GPSolo Magazine - Oct/Nov 2003

IN THE SOLUTION

A Winning Verdict Every Day

Through neglect, lawyers miss an obvious truth. Even though attorneys are purported to be problem solvers, we top other disciplines in job dissatisfaction. Lawyers seem to be fundamentally unable to practice daily self-care, instead sitting for long hours and accumulating stresses. Held captive by choice and custom (i.e., billable hours), we implode—our discontent reflected in physical inertia, social distance, mental confusion, and extreme moods. Given lawyers' training to analyze not utilize, confronting our own health problems may result in deliberating strategies instead of taking action.

Fit to Practice?

Regular moderate physical activity can quickly begin to reduce, reverse, and relieve the defeating causes of these symptoms, but physical activity is a low priority on legal "to do" lists. The vicious circle of low energy and high tension manifests as restlessness and irritability.

Credible health practices require daily attention, just like dental hygiene. Who would postpone brushing their teeth until the weekend because they're "too busy" today? Lawyers' traditional problem-solving methods dictate thought followed by a clear plan of action. Reversing this order offers an easier, more direct way to change: acting your way into good thinking. When we move the body, intuition, not the mind, provides the solution.

Irrefutable scientific studies directly connect physical activity to increased energy and elevated moods—it's like owning our own drugstore. Other compelling research delivers more motivational proof that physical activity awakens our capacities for laughter, creativity, and yes, even sexual pleasure.

If lawyers are going to live in harmony with others, our first priority must be to put our own house in order. Although we're often successful negotiating for ourselves, we get poor marks negotiating with ourselves.

Lawyers are four times more likely to suffer depression than the general population.

Lawyers also have almost twice the incidence of chemical dependency as the general population.

Smart Moves

Despite the popularity of examining how lawyers can start living "balanced lives," many never implement simple suggestions that are immediately accessible. A brisk half-hour walk, even in ten-minute increments, generally brings a pleasurable mood change. Even a series of gentle stretches can have profound effects: The body loosens and the heartbeat rises then steadies, establishing a rhythmic, gradual deepening of breath. The increased flow of oxygen gradually warms the skin and muscles, helping circulation head to toe. Brain chemistry interacts with these changes, affecting serotonin and other neurotransmitters, hormonal processes—even the production of cholesterol. All this, just from getting up out of your chair, whether your mind told you your schedule could accommodate this or not.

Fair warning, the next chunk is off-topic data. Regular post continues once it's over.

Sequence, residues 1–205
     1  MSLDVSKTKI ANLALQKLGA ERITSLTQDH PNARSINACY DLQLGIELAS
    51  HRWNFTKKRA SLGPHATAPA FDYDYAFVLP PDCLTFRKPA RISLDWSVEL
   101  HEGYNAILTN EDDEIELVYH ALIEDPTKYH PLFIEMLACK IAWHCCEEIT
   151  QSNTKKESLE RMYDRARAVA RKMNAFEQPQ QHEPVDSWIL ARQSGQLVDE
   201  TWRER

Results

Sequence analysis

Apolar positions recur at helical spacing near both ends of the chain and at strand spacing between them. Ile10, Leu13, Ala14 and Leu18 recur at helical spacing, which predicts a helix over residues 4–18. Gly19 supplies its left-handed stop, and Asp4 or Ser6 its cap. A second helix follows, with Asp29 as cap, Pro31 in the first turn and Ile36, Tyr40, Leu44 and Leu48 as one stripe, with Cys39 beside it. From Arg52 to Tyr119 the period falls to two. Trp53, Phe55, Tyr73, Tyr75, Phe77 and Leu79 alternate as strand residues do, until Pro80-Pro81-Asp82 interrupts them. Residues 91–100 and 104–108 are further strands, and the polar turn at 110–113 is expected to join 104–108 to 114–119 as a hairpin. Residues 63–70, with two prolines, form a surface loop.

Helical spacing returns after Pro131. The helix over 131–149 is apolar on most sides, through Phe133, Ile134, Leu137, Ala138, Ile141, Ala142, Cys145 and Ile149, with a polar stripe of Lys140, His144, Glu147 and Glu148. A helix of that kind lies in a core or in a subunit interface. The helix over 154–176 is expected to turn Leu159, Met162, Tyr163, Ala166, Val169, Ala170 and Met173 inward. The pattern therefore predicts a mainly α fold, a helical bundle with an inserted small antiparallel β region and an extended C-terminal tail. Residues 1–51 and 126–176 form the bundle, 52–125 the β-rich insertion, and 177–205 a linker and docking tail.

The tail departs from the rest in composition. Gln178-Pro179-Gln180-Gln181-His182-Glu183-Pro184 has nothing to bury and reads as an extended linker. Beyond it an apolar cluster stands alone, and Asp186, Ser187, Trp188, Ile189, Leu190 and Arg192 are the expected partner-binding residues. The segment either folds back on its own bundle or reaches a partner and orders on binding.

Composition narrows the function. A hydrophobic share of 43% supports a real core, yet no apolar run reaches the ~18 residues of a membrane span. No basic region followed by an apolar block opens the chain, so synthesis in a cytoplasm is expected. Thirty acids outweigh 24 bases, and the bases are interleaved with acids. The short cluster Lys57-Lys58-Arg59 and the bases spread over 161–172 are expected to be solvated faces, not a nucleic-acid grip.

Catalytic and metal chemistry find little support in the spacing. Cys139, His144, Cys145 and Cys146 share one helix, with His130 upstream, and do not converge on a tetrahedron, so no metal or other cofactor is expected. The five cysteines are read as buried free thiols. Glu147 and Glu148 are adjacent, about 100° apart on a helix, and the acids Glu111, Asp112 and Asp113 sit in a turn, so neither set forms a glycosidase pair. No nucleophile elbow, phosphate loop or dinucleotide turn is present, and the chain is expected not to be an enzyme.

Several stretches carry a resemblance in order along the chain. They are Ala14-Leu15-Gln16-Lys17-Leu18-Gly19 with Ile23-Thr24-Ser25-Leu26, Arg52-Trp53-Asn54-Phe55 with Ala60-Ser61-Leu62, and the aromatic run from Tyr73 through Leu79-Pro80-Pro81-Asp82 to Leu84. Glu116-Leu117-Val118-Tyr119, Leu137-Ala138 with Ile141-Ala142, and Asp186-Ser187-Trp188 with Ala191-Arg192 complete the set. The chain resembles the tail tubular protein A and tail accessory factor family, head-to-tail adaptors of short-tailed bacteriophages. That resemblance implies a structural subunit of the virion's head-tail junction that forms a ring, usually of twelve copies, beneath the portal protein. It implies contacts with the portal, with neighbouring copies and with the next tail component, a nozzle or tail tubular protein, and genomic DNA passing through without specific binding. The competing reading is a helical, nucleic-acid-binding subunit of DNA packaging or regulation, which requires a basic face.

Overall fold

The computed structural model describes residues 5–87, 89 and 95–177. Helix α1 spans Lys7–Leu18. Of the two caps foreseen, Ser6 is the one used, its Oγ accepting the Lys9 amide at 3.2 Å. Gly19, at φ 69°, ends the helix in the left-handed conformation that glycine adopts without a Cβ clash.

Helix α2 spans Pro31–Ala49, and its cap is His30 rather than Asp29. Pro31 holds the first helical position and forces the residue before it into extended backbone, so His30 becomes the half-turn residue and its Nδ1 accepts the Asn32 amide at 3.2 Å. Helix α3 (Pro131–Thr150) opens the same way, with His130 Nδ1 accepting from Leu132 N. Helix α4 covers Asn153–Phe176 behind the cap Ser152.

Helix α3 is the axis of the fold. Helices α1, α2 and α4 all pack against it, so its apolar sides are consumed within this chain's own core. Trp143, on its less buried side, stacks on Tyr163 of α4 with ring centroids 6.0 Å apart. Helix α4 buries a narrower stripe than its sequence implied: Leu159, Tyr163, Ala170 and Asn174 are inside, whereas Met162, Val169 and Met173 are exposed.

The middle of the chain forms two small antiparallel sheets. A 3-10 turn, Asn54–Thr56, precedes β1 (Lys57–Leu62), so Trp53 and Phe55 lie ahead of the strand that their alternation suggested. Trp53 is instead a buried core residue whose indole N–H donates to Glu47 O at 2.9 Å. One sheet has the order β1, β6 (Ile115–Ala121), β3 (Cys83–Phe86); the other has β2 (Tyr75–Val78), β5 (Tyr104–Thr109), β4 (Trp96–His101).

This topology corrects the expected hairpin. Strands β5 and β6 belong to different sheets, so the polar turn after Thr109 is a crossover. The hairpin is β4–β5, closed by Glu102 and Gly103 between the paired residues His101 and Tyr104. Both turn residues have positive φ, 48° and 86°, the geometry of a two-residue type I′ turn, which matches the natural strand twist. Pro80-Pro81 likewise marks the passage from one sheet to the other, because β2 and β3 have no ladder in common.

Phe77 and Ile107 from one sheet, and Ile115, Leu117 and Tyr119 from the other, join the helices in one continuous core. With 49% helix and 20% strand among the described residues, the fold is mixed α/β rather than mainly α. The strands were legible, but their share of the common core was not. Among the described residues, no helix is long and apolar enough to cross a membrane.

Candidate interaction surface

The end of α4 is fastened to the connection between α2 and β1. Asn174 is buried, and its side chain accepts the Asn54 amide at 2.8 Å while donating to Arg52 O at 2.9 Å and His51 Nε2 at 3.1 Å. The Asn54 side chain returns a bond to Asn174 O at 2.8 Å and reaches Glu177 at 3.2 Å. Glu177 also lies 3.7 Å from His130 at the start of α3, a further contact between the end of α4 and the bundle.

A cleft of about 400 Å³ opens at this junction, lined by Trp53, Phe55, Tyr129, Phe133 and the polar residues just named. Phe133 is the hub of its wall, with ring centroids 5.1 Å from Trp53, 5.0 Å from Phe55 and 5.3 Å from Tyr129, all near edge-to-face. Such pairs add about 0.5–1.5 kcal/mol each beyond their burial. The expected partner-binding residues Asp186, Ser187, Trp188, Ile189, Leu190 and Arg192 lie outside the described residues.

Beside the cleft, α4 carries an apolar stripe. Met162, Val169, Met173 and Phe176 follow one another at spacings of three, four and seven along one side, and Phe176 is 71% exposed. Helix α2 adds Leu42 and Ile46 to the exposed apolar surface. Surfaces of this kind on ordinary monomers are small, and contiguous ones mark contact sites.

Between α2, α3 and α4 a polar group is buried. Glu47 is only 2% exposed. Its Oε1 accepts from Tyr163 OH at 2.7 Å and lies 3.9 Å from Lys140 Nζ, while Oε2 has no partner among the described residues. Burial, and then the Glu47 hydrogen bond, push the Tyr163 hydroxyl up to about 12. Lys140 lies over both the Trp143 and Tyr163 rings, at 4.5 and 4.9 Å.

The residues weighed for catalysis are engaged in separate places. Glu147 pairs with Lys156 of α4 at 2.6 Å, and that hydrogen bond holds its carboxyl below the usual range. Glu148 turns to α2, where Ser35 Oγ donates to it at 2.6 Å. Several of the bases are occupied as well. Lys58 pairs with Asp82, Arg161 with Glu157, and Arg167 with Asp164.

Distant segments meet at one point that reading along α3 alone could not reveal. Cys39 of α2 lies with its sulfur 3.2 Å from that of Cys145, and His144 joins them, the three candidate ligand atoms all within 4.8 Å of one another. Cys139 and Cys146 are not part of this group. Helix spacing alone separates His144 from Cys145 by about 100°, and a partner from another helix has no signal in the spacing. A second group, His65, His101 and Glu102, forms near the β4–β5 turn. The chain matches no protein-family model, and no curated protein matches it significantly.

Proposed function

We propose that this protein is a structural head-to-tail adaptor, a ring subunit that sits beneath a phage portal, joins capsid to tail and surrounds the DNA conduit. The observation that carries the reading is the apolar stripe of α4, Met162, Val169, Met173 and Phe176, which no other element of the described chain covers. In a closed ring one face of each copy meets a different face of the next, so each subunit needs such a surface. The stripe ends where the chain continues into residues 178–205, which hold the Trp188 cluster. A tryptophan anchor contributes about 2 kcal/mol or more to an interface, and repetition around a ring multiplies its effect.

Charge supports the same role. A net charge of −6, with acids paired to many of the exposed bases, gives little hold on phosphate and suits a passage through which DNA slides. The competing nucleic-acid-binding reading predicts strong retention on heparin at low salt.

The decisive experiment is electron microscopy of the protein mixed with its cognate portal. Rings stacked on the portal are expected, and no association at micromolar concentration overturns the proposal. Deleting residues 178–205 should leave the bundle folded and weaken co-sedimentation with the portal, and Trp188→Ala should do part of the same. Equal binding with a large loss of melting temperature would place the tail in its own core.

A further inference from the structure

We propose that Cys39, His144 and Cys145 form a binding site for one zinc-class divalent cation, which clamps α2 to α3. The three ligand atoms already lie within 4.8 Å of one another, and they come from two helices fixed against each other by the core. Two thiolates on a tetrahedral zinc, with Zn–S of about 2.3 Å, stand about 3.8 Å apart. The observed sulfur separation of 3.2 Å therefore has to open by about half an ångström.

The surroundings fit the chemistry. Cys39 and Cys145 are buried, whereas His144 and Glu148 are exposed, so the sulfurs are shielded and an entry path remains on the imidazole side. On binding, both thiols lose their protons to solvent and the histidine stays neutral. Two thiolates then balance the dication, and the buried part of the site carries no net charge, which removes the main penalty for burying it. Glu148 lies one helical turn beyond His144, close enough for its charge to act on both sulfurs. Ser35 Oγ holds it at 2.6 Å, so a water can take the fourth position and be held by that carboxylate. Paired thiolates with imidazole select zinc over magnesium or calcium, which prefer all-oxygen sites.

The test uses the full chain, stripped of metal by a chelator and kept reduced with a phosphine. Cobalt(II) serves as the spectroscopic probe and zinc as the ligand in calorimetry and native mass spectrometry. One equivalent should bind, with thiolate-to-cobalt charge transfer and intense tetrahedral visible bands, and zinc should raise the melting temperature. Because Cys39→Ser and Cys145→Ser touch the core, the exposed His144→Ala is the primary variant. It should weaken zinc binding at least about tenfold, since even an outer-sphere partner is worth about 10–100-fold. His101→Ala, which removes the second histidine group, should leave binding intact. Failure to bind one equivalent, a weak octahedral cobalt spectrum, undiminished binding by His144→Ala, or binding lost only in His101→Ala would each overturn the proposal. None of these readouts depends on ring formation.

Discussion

Nevertheless, several myths may still stand as barriers:

1. I have no time. Lawyers waste more than an hour a day in uncertainty, procrastination, and boredom—redrafting, snacking, slurping coffee, and "talking story." Spend half of this—30 minutes—walking instead.

2. I'm too tired already. A sedentary lifestyle erodes 50 percent of our lung oxygen delivery—not to mention its contribution to the skyrocketing incidence of obesity in the United States.

3. Leave me alone-I'm already under too much pressure. Inactivity magnifies anxiety, elevating hormones such as cortisol and adrenaline. Which creates more pressure. Which elevates . . . you get the idea.

4. I'll get to it later. The restorative and preventive benefits of physical activity are both immediate and lasting. Research shows that people who do some form of exercise in the morning are less likely to keep putting it off until the day is done.

5. So what-I'm already out of shape. Balance isn't about competing or looking good. It's a life-saving protection against premature disease, disability, and quality of life. Our life expectancy is about 30 years longer than a century ago. Studies show that Americans will spend one-third of this added life wasting away-a huge financial and emotional burden to family and to society. Lawyers have worked hard "to get there"—why not go "out" like a soap bubble, colorful and in perfect shape: Pop!

The Ultimate Motivator

Ultimately, the main beneficiaries of an improved lifestyle are ourselves. Relaxation, increased attention spans, improved memory and concentration, and insight instead of anxiety combine to produce better legal solutions. Sleep patterns and food choices improve. We develop deeper compassion and understanding, and listen more attentively to those who need to be heard: our clients.

Isn't that worth 30 minutes a day to you?

David Stevens Hobler is a trial lawyer and founder-director of Fit in Recovery (www.fitinrecovery.com), a health education and environmental fitness consulting group. He is a member of the California State Bar's Lawyer Assistance Program Oversight Committee. He can be reached at dhobler@aol.com.

 

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